Wednesday, September 29, 2010

Brief Encounter

Photo © 2010 Joan Marcus

There is something so wonderfully tragic about the current production of "Brief Encounter" that at the end of the show, I wanted to run down to the stage and give each actor a hug, and thank them for letting me be a part of their story.

The story tropes - love, loss, and how we cope - are nothing new. There are no groundbreaking life lessons in this show. Rather, the story told is one of quiet sadness, the agony of adults who know that they have to, and eventually will, do what is right instead of what makes them happy. "Brief Encounter" is full of angst in the true sense of the word. Alec (Tristan Sturrock) and Laura (Hannah Yelland) know that what they have is real and special, and that there is absolutely nothing they can do about it.

The supporting cast is just as magnificent. It is a perfect rendition of how our own small tragedies are simply that: our own. The epic love story unfolding center stage has no effect on the budding romance between Beryl (Dorothy Atkinson) and Stanley (Gabriel Ebert), nor is it of any importance to the tempestuous relationship between Myrtle (Annette McLaughlin) and Albert (Joseph Alessi). Each couple is encased in their own unfolding plot, and blissfully unaware of the foibles of their neighbors.

Many shows live or die by their realism; reality is boring. Playwrights and directors know this, and therefore give us drama instead. It is a true pleasure to see the skill and grace with which Emma Rice creates the utterly real and yet terribly poignant world of Alec and Laura; the resulting show is nothing short of a delight.

Sunday, September 26, 2010


Sarah Ruhl's smooth, respectful adaptation of Virginia Woolf's most playful work, Orlando (directed by Rebecca Taichman), is in some ways a play, in other ways a dramatic reading, and in still other ways a tone poem. Its split personality is apt for the story of a duke who wakes up one day to find that he--she--has become a duchess. Woolf wrote Orlando in honor of one of her great loves, Vita Sackville-West, and used the book to examine relationships, feminism, gender roles, and politics. She also made concrete (and romantic and sexy) Sackville-West's straddling of gender roles as a soft-butch lesbian (or "confirmed sapphist," as Woolf once described her).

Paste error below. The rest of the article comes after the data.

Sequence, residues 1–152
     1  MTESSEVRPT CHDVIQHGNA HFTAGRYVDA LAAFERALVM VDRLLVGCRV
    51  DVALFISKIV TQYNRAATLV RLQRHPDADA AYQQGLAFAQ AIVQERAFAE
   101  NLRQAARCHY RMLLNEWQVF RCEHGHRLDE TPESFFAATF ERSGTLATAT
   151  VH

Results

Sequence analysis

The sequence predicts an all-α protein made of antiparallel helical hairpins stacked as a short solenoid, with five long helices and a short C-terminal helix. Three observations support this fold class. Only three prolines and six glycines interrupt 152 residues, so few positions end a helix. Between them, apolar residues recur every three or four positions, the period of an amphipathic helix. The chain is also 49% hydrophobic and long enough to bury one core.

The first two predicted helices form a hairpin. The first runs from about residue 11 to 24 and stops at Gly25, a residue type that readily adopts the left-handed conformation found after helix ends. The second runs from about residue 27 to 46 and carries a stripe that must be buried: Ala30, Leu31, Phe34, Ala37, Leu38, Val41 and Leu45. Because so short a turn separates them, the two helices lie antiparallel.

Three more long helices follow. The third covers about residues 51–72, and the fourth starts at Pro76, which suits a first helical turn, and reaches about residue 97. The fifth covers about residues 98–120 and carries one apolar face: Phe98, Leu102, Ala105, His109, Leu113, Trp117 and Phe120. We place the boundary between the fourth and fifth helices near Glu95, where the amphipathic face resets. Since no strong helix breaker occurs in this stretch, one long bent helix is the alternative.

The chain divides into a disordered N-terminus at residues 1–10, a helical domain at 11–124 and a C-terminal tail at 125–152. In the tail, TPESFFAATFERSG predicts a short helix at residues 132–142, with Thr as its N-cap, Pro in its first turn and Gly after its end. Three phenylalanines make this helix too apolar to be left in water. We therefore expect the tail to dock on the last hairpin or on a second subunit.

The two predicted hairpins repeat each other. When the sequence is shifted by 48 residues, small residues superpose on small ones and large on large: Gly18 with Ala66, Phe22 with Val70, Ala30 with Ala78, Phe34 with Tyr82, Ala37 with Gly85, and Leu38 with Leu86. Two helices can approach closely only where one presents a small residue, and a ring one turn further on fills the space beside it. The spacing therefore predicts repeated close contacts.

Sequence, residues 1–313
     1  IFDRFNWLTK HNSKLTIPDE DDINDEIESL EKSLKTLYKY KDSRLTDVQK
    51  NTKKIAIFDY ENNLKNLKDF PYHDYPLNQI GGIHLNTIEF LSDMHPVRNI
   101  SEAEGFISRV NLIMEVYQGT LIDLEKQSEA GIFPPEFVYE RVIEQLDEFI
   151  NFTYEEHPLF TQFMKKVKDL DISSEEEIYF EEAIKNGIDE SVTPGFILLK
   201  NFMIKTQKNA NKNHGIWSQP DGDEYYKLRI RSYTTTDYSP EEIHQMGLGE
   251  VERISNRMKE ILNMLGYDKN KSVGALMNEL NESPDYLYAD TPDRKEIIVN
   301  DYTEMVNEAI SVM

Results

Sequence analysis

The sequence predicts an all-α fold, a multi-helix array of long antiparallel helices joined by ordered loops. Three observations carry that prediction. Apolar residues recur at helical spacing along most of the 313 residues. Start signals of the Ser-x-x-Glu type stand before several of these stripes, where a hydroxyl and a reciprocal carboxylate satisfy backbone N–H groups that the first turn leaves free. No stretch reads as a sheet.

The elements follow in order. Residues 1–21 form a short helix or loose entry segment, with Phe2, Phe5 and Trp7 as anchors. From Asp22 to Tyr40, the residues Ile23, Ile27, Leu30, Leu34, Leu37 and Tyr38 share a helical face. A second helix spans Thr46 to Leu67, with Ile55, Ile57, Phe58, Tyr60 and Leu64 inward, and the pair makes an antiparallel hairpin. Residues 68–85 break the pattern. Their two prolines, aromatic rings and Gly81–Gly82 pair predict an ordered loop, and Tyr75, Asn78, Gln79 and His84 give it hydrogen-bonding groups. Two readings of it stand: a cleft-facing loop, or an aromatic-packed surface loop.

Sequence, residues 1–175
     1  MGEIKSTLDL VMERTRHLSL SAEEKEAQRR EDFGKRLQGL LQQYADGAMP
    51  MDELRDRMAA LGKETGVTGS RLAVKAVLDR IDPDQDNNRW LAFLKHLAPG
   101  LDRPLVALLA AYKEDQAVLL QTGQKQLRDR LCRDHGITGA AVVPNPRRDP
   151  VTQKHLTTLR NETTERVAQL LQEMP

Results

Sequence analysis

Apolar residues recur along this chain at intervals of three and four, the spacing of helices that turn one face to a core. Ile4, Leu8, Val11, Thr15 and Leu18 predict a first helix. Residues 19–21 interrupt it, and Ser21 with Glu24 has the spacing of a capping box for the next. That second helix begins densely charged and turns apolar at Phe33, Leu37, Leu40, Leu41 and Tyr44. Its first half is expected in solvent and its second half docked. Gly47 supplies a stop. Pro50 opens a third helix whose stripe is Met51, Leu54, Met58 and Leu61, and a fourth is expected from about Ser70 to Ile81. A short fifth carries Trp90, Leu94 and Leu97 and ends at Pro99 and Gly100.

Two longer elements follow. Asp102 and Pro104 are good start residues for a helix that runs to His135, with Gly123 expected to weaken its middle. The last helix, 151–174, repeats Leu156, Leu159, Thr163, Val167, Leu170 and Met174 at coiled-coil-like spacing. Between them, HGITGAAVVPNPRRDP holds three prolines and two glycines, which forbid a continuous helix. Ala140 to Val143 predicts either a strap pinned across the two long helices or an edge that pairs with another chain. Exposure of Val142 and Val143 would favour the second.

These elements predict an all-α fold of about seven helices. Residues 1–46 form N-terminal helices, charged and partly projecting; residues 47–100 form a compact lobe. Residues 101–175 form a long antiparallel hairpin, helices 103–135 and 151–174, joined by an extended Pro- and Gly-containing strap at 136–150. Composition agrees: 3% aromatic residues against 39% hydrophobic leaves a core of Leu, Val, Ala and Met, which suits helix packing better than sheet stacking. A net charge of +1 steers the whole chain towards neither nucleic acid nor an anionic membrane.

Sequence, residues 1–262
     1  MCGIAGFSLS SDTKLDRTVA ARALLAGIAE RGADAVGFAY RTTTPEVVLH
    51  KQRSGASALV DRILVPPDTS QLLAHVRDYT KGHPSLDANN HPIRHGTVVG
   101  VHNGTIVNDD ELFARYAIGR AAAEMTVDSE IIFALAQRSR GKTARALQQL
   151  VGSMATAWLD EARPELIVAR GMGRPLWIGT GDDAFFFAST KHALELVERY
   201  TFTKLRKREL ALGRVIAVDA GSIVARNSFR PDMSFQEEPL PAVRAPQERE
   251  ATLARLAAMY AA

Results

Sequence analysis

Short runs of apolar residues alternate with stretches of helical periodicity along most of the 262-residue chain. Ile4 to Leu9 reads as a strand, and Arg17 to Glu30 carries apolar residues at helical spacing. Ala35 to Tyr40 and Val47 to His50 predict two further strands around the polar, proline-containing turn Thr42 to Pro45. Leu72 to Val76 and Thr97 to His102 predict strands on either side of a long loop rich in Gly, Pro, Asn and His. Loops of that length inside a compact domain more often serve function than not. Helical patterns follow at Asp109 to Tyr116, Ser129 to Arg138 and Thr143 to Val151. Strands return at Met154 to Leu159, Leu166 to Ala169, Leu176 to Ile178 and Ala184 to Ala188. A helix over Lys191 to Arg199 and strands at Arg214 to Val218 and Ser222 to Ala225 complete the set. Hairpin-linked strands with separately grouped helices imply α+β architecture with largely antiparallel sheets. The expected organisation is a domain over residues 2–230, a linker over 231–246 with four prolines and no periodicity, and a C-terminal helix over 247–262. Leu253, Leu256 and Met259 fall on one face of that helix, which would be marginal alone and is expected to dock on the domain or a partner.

Ruhl relies heavily on Woolf's own writing, which is a wise decision since Woolf's work is beautiful, evocative, and often funny. Much of the "dialogue" is actually narration, and Annie-B Parson has choreographed various series of moves that gracefully support the language. With the exception of one performer, the entire cast depicts both men and women, taking Woolf's gender play one step further. The expert performers are led by the subtle, sexy, extraordinary Francesca Faridany, who plays 16-year-old boy and middle-aged woman with equal elegance.


The new musical Bunked! (presented as part of the Fringe Encores) tells the story of five camp counselors who hope to have the "Best Summer Ever." There's the self-aware, snappy gay guy; his chirpy nonidentical twin (picture Kristin Chenoweth at 18); the handsome bisexual guy on whom they both have crushes; the straight guy with a secret; and the snotty girl with a bigger secret. Anyone with knowledge of musicals could write a plot based on that character list and do as good a job as Bunked! The book (by Alaina Kunin and Bradford Proctor) is an awkward combination of trivial and serious, and there is little opportunity to care about the characters. The score (lyrics by Kunin and Proctor; music by Proctor) is better, with a handful of strong moments. However, the songs tend to sound (and feel) alike, and there are too many 11:00-number wanna-be's.

Three other points: (1) the hyper-enthusiasm of part of the audience, who guffawed at the smallest joke, sometimes before the joke was told, did not help the performance I saw; (2) although Bunked! has many flaws, it gives reason to hope that Kunin and Proctor keep writing; and (3) this review should be taken with a grain of salt, as I have socks older than Bunked!'s target audience.